Federal smartphone kill-switch legislation proposed
The bill would mandate a kill switch and remote-wipe capabilities on cellphones
Thu, February 13, 2014
IDG News Service (San Francisco Bureau) — Pressure on the cellphone industry to introduce technology that could disable stolen smartphones has intensified with the introduction of proposed federal legislation that would mandate such a system.
Senate bill 2032, "The Smartphone Prevention Act," was introduced to the U.S. Senate Wednesday by Amy Klobuchar, a Minnesota Democrat, and covers smartphones, tablets and any personal electronic device on which commercial mobile data service is provided.
It requires a function that allows the subscriber to remotely remove personal data stored on such devices and to render them inoperable on the networks of any mobile carrier globally. The function should also be resistant to the device getting reactivated by another carrier, reprogrammed or reset unless a passcode or similar authorization is provided by the subscriber.
The bill specifies that the remote wipe and "kill-switch" function "may only be used by the account holder" and will apply to all such devices manufactured or imported in the U.S. from Jan. 1, 2015. There is an exemption for "low-cost, voice-only" phones that have limited data functionality.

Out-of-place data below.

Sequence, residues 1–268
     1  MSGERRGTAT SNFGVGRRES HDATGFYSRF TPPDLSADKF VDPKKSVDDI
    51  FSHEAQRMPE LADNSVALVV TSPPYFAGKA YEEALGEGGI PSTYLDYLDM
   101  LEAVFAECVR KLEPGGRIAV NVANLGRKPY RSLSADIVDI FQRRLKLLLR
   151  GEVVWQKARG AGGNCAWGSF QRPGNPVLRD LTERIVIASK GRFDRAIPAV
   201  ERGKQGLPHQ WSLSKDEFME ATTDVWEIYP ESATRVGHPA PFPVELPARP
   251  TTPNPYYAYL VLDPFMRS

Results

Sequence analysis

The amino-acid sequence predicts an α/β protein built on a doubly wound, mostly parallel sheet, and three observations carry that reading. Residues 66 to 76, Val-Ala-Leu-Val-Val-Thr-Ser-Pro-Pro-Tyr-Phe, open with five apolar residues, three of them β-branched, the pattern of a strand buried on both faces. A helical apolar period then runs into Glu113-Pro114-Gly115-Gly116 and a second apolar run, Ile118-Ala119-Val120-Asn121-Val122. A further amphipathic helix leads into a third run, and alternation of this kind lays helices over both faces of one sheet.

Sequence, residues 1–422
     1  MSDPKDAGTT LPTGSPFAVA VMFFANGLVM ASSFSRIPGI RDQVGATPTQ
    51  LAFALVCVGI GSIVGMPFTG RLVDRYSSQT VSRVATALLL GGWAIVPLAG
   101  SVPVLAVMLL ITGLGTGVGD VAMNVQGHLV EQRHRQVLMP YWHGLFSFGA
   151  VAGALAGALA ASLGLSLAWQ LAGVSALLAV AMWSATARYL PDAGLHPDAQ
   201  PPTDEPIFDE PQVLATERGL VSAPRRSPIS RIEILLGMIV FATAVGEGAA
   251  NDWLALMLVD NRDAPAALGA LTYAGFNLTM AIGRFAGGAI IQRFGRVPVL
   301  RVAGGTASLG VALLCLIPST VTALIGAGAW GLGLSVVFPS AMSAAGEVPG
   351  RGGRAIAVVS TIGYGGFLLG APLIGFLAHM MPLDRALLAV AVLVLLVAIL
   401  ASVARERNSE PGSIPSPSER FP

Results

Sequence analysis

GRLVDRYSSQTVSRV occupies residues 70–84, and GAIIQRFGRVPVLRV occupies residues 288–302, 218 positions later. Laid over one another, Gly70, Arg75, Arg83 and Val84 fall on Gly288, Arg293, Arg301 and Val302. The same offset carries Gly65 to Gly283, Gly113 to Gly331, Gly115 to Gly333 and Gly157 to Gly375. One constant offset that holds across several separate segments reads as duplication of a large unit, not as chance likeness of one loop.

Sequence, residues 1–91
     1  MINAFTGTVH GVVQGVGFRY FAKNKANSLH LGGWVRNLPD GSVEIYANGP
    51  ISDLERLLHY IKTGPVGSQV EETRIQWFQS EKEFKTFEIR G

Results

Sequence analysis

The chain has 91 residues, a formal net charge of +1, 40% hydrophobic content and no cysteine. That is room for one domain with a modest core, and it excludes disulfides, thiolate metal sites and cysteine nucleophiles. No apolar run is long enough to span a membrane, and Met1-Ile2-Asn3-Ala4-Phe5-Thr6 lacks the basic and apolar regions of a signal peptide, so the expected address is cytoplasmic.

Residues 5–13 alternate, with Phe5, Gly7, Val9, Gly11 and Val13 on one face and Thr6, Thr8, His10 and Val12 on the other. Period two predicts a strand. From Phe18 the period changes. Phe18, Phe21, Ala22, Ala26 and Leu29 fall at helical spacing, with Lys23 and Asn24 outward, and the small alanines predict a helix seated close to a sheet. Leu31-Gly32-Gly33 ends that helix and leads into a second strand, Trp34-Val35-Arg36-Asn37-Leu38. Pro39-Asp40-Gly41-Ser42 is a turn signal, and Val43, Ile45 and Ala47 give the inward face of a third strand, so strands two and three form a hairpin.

It also specifies that carriers "may not charge the account holder any fee for making the function ... available."
The penalty for breaking the rule, which will be included as an amendment to the Communications Act of 1947, isn't specified in the bill and will be determined by the Federal Communications Commission (FCC).
The co-sponsors are Democrats Barbara Mikulski of Maryland, Richard Blumenthal of Connecticut and Mazie Hirono of Hawaii.
The proposal follows the introduction last Friday of a bill in the California state senate that would mandate a "kill switch" starting in January 2015. The California bill has the potential to usher in kill-switch technology nationwide because carriers might not bother with custom phones just for California, but federal legislation would give it the force of law across the U.S.
Theft of smartphones is becoming an increasing problem in U.S. cities and the crimes often involve physical violence or intimidation with guns or knives.
In San Francisco, two-thirds of street theft involves a smartphone or tablet and the number is even higher in nearby Oakland. It also represents a majority of street robberies in New York and is rising in Los Angeles.
In some cases, victims have been killed for their phones.
In response to calls last year by law-enforcement officials to do more to combat the crimes, most cellphone carriers have aligned themselves behind the CTIA, the industry's powerful lobbying group. The CTIA is opposing any legislation that would introduce such technology.